Laura Robson – the British player who won junior Wimbledon at 14 and an Olympic silver medal at 18 – has confirmed her retirement from tennis.
The 28-year-old rose to 27 in the world rankings, and reached the fourth round at Wimbledon and the US Open.
But then injury intervened – she had wrist surgery in 2014, and in recent years has had three hip operations.
“I went through every possibility of rehab and of surgery,” Robson told BBC Sport.
“I had another hip surgery and probably did the best rehab block of my life – I went to all the best specialists and had some incredible people that I was working with just to get me back on court – and then the second time I hit, I just knew.
“It feels weird to say out loud, but I’m done, I’m retired.
“I’ve sort of known that for a while because of what I was told by the doctors last year, but I think it just took me so long to say it to myself, which is why it took me so long to say it officially.”
The LTA’s former chief medical officer Dr Jo Larkin and Rob Hill, who worked as a senior physiotherapist for many years, were a constant support for Robson and were with her when the doctors delivered the news she had been expecting.
“We just sat down and cried together, but I know they are going to be in my life forever,” she said.
Robson was named WTA Newcomer of the Year in 2012 as she beat Grand Slam champions Kim Clijsters and Li Na in a run to the fourth round of the US Open.
She also reached her only WTA final in Guangzhou that September (she was the first Briton to play in a WTA final for 22 years), and in early August partnered Andy Murray to a silver medal in the mixed doubles of the London Olympics. It was so nearly gold, but Victoria Azarenka and Max Myrni won the deciding tie-break 10-8 on Wimbledon’s Centre Court.
“I think I’m always going to have the feeling that I could have done more, unfortunately,” Robson said as she considered her career.
“I feel like if I had just had another year or two of being healthy, I don’t know what I could have achieved.
“But I’m really proud of the Olympics, of playing Fed Cup – playing for your country in any way was always one of my favourite weeks of the year – and I think playing Wimbledon and the US Open the time that I did well, I will have those memories forever.”
Robson’s run to the fourth round of Wimbledon came in 2013, five years after she had won the girls’ title at the age of just 14.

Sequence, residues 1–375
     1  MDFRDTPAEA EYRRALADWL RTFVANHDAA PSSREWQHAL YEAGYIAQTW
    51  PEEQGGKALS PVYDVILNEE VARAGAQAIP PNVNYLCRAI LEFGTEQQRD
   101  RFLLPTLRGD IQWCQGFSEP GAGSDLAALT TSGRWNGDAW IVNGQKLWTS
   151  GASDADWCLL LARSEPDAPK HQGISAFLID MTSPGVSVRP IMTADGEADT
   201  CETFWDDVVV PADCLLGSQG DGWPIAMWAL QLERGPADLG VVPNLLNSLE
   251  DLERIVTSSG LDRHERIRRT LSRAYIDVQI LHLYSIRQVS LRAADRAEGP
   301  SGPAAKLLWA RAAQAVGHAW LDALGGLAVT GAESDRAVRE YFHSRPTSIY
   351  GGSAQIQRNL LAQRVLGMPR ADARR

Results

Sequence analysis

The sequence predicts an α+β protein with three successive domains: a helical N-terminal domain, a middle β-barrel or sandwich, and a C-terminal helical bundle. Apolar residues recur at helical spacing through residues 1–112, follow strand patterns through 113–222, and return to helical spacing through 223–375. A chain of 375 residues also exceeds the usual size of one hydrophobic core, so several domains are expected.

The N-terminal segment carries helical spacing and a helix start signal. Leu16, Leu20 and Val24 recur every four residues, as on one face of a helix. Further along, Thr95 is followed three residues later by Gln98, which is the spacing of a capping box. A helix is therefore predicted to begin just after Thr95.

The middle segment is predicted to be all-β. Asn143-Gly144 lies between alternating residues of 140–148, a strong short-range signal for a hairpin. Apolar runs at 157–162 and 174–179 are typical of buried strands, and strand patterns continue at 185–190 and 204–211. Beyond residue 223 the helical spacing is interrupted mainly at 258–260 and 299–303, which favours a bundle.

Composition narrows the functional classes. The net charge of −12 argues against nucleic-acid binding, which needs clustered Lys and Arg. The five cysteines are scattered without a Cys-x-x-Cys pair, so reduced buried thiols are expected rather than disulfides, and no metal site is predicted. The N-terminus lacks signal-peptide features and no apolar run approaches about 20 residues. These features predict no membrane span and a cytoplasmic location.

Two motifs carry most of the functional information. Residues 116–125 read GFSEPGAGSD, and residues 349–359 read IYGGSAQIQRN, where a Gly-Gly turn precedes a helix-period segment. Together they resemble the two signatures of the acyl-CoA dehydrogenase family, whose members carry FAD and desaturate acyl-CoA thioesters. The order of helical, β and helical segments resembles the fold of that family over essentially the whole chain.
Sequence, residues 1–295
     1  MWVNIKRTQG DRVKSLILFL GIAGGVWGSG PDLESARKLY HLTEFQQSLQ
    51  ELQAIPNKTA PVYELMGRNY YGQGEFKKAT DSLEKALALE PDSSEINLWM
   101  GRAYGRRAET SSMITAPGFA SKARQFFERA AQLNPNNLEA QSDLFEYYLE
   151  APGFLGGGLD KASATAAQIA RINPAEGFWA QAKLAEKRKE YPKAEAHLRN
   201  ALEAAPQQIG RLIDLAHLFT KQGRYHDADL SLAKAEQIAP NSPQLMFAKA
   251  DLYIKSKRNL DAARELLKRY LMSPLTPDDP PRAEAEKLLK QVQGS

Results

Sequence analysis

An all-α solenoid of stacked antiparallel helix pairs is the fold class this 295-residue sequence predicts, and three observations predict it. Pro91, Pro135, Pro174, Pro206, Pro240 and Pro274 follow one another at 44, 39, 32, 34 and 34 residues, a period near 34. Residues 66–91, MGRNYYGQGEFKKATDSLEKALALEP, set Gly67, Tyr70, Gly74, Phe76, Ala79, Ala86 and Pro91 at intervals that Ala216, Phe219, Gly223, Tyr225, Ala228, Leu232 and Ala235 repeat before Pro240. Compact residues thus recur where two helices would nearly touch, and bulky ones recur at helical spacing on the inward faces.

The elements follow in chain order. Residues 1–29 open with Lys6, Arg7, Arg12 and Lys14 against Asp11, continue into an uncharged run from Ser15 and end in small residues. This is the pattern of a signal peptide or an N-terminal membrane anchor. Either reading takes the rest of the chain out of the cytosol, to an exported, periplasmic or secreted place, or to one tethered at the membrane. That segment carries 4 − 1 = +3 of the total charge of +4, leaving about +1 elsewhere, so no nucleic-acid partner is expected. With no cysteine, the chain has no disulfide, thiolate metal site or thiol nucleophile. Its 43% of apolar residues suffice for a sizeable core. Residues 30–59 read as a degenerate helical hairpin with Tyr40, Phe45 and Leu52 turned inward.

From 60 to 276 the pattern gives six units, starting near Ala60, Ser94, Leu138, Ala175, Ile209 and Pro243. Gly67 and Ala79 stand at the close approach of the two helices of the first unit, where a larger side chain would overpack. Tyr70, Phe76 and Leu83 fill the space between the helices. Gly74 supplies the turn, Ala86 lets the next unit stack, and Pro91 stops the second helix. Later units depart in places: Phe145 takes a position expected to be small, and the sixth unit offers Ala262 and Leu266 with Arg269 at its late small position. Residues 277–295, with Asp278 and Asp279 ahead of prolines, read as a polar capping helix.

“The pictures that come up every year – I look so young. I can’t even remember half of the things that happened, I was a baby,” she says, and seems in no doubt the experience was overwhelmingly positive.
“It didn’t harm me in any way, and I think it was really exciting and it was the first time I played on a big stadium.
“And the things that it brought me in life – the year after being able to open show court two at Wimbledon in the main draw – I wouldn’t have had that opportunity had I not won the juniors.
“I think it opened my eyes to how tough it is, how much pressure was on my shoulders, and how to deal with tough things in your life. I wouldn’t take it back for anything.”
Watching Robson in full flow was often an exhilarating experience. She had a potent lefty serve, a forehand she struck powerfully from the back of the court (often with little margin for error), and in the relatively short time her body allowed, the former British number one showed a taste and a temperament for the big occasion.
What a huge shame, therefore, that her wrist first became a problem at almost exactly the age Emma Raducanu is now.
Robson says she does not feel cheated, and now feels at peace with the hand life dealt her.
“But that took a long, long time because it’s the difficulty of having it taken away from you rather than deciding yourself, as I would absolutely love to be out there still,” she says.
“But ultimately what’s happened has happened, and I think overall I’m a much nicer person from going through all of that.
“If I keep looking back and thinking ‘what if’, then I can’t move forward.”